With the 2019 Annual Compliance Statement (ACS) program about to roll out, we urge subscribers to the Customer Owned Banking Code of Practice (the Code) to acquaint themselves with changes to this year’s ACS and to utilise this return as a Code compliance annual health check.
The ACS collects complaint and breach information as well as examples of good industry practice. Along with the number and severity of complaints and breaches raised, how a Code subscriber responds reflects their overall level of Code compliance.
The program is also the monitoring cornerstone for the independent Customer Owned Banking Code Compliance Committee (the Committee), helping us to benchmark compliance with the Code, to spot current and emerging issues that we share with industry and the wider community, and to prioritise areas for future reviews.
Information about the ACS and a sample statement has been emailed to Code subscribers at the start of June. The link and password for completion via the online portal will be emailed in mid-June. The completed statement is due 31 August. Please note these dates and ensure the right staff are in place and ready to respond.
Although many elements stay the same year to year, the ACS is not a static document. Developed in consultation with a number of Code subscribers and the Customer Owned Banking Association (COBA), the ACS program responds to changing times by continually refining its process and addressing specific concerns. As a result, the 2019 statement contains changes in the type and breadth of data sought, and an entirely new section on Privacy.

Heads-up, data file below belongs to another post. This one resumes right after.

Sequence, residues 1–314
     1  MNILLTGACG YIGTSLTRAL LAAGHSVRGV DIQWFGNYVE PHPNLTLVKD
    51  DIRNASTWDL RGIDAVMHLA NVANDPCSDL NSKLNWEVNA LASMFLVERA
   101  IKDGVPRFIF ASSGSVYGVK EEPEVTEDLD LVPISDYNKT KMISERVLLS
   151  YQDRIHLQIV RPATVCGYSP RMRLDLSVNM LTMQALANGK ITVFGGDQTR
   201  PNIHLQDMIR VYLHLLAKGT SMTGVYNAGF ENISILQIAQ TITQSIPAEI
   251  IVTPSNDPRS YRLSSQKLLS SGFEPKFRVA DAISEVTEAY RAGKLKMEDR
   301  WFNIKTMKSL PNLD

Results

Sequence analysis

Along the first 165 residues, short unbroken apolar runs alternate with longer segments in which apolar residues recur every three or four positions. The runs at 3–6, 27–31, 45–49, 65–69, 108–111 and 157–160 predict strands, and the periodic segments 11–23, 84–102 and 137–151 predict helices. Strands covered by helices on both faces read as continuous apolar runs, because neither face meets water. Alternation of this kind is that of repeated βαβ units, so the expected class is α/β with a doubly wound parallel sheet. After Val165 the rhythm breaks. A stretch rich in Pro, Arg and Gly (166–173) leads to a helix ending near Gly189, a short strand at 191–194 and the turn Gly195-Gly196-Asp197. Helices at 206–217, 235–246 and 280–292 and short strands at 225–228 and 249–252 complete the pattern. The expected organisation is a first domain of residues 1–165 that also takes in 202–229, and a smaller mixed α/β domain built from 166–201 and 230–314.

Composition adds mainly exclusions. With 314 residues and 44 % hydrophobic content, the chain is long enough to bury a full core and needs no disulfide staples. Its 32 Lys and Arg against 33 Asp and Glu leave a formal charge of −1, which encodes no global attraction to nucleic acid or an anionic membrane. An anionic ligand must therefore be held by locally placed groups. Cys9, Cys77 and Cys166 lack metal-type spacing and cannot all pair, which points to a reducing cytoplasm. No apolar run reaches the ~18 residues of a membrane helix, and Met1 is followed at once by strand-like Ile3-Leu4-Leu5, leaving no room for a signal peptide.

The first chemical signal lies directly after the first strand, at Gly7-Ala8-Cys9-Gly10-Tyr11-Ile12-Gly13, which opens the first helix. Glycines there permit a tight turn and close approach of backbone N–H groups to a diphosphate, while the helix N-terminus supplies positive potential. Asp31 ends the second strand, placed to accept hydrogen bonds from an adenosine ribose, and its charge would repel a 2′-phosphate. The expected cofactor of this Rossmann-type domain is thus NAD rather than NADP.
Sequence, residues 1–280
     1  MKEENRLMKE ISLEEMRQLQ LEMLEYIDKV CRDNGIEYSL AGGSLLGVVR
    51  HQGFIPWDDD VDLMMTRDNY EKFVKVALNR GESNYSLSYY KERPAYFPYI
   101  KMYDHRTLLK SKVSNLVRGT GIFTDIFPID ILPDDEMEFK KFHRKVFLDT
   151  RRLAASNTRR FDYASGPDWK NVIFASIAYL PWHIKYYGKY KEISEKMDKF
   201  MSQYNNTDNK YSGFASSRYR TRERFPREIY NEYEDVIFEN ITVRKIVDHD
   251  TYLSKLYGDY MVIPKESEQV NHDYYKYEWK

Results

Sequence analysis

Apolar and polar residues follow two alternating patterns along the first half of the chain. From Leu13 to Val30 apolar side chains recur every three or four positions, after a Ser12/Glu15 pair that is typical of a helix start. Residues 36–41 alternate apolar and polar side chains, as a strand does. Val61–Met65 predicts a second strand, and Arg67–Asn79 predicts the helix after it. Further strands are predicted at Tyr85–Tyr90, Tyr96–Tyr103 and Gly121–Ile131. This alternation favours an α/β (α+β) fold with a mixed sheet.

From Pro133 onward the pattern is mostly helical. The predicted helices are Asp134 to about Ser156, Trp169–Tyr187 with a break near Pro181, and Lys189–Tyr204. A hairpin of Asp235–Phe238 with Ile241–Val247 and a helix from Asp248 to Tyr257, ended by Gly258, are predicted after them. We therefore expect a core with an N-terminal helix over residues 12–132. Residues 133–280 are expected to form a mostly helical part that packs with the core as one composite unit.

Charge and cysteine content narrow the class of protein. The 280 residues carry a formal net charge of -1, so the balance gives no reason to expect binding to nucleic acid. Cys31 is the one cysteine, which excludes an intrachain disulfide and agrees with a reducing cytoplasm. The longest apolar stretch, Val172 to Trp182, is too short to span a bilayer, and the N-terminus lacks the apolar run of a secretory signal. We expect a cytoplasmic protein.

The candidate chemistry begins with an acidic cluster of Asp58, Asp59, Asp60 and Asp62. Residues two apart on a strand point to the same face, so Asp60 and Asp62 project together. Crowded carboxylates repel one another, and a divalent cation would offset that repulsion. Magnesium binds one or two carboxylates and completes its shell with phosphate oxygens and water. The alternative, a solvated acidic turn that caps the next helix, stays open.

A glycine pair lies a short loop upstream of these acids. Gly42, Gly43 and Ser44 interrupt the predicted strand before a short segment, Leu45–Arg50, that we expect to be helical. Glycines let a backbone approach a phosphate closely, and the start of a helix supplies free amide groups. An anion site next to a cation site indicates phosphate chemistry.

Last year’s ACS saw the introduction of the Breach Data Detail report. The 2018 data helped us to identify a number of industry-wide problem areas, their root causes and – supported by supplementary research conducted by the Committee – to share our findings and suggest improvements.
The 2019 ACS contains other minor changes. These include new categories for institutions, requesting timeframes for remediation actions and separating transaction complaints from pure ATM issues.
The self-reporting of complaint and breach data remains a significant component of the ACS. An essential starting point is ensuring a clear understanding of the definition of ‘complaint’ and ‘Code breach’. A ‘complaint’ is whenever a customer voices dissatisfaction with regard to the provision of a financial product or service. ‘Code breaches’ are ‘complaints’ that can be directly tied to and recorded against, a particular key promise or obligation of the Code.
Providing detailed responses helps you to fully measure your Code compliance health. We encourage you to complete your 2019 ACS with a spirit of self-improvement and we welcome your input into future statements.
If you would like assistance in completing your ACS or would like to become involved in developing future questionnaires, please contact the Committee on [email protected].